Unlike Uzma, 64.76% of the respondents believed that raising a boy is easier than a girl. While 25.24% of the respondents felt that having a daughter would be less hard work than a son. The remaining 10% – mothers, however, observed that raising a child, either boy or girl, is an equally difficult job.

'Food & Health Discrimination'

During the study, the respondents were asked whether their children suffer health and nutritional discrimination on the basis of gender; an analysis of the data informed that 45.42% of the respondents mentioned that no such discrimination exists in their families. However, 38.58% of the respondents informed that they are more concerned with immediate quality healthcare facilities for their boys as compared to their girls. They also mentioned that no nutritional discrimination exists in their homes.

It is interesting to note that 16.00% of the respondents had no idea about any such discrimination.

Fareeda is a graduate and mother of two daughters and a son. She mentioned that, “Whenever my daughters have any heath problem, my husband always preferred to delay doctor’s visit for two to three days.”

She admitted that due to financial crunch her husband tried to avoid or delayed doctor’s visit for their daughters; however, Fareeda mentioned that for their youngest and only son they always tried to acquire immediate and best possible health care facilities.

It is pertinent to mention that most of the respondents said that “food discrimination” exists in their families. They added that male family members of their families eat first and when they finish their meal then women and girls eat the remaining food. One can imagine the quality and quantity of leftover food for women and girls, which is quite clear when we look at the health indicators of young girls and women in the country.

The immunization of children, from different diseases, has been followed by the respondents, according to the provided answers. However; it was revealed that many misconceptions also exist about the vaccinations due to illiteracy and ignorance. It was also informed by the respondents that vaccinations may not prevent children from diseases and even cause certain health problems for the child.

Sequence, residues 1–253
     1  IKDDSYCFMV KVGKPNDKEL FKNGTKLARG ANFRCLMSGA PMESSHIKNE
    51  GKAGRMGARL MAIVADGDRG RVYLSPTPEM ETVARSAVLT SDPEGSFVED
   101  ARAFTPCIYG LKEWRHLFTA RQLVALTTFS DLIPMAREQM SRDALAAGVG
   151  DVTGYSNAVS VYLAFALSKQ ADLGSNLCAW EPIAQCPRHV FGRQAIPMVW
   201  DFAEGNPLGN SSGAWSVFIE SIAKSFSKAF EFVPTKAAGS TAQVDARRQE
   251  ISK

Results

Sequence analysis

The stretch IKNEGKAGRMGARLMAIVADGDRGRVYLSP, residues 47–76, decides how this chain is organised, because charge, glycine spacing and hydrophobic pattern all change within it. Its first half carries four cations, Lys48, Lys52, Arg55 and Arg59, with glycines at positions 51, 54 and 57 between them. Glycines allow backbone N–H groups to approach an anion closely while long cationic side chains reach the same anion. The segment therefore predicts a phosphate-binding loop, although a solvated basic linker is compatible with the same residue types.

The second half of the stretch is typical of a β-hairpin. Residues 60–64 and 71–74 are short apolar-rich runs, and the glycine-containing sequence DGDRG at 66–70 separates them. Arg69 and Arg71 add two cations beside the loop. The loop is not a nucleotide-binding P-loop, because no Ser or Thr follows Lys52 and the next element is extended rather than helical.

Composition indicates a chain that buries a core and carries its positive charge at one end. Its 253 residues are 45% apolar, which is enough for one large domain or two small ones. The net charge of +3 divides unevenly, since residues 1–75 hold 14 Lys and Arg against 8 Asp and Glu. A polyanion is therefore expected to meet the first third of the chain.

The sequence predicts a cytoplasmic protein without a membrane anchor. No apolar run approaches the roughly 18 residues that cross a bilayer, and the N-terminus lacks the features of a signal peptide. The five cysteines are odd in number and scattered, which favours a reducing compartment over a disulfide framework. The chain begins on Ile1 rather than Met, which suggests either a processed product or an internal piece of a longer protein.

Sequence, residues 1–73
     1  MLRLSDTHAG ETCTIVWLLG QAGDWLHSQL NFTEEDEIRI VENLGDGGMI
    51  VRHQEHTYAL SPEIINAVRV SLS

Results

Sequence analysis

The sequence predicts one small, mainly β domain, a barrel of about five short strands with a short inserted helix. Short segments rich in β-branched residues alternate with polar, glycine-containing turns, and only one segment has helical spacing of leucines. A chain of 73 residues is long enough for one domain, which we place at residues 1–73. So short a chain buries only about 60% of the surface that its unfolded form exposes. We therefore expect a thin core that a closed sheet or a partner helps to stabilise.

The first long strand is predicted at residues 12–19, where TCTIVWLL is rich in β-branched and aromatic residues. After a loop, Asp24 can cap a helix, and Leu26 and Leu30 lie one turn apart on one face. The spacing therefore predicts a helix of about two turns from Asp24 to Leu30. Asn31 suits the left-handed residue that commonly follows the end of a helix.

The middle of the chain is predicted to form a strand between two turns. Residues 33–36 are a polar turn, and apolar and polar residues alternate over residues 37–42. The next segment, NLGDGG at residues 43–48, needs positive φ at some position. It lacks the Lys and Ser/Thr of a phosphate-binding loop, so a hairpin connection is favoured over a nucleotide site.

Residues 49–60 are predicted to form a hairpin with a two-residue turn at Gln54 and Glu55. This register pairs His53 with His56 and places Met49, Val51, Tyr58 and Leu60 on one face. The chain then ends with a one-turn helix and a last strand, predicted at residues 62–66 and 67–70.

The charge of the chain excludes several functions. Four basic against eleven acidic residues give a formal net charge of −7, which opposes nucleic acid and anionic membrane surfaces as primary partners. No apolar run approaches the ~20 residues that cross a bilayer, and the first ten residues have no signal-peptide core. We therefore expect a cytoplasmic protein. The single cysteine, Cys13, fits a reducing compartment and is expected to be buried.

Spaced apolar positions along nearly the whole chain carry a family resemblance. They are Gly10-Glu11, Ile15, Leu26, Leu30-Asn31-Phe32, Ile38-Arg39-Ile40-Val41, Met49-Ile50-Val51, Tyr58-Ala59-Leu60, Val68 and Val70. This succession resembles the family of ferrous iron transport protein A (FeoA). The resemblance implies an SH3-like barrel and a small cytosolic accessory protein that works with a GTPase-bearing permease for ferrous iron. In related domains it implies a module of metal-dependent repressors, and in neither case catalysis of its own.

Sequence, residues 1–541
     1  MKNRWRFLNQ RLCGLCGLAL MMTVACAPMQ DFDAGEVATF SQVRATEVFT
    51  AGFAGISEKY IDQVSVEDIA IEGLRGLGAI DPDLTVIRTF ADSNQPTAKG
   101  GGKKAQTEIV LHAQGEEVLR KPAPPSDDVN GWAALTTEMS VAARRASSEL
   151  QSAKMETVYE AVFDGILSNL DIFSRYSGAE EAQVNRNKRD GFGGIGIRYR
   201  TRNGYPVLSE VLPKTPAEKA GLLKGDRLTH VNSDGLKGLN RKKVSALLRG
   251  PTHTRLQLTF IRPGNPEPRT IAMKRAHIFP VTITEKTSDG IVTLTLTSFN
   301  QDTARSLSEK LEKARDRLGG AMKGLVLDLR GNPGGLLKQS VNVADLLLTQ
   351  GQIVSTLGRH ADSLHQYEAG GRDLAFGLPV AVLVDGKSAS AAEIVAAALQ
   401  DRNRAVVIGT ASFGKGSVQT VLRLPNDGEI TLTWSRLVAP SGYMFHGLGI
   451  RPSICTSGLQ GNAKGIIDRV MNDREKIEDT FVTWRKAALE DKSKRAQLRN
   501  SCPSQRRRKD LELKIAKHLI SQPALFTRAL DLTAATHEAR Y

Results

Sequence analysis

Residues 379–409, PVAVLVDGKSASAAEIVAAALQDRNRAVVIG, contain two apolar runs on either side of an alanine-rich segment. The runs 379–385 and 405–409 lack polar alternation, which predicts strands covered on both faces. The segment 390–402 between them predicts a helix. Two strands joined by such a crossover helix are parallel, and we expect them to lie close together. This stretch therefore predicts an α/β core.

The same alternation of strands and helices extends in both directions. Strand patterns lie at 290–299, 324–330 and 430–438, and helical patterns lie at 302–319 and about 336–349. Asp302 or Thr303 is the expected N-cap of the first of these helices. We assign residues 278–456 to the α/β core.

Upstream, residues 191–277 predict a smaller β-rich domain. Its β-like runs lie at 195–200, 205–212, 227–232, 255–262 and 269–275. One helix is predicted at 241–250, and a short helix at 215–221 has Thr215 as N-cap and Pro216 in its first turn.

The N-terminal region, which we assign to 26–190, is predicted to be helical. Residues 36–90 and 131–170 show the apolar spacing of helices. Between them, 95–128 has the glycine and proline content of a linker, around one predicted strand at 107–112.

During the study it was observed that if parents already have one or two sons then they would like to have a daughter in the family; however, if a family already have one or two daughters they will never like to have second or third daughter in the family. It was also observed that third or fourth consecutive daughters face very clear discrimination in the family.

Girls, Economics and Education

In many families, daughters are linked to severe [economic] loss. One of the responding mothers informed that she works as an accountant in local office; she said that her brothers always mentioned the high expenses the family has bourn upon her education and marriage. She added that it has been her untold duty to give water or press the clothes of her brother and now to her husband. “In my entire life neither my brother nor my husband ever give me water or press my clothes,” the mother of three children informed.

Girl’s access to education is also an issue of utmost importance; while answering an overwhelming majority of 78.68% informed that there girls are getting education either in formal schools or Madrasahs. The remaining 21.22% admitted that their daughters are not getting any type of education.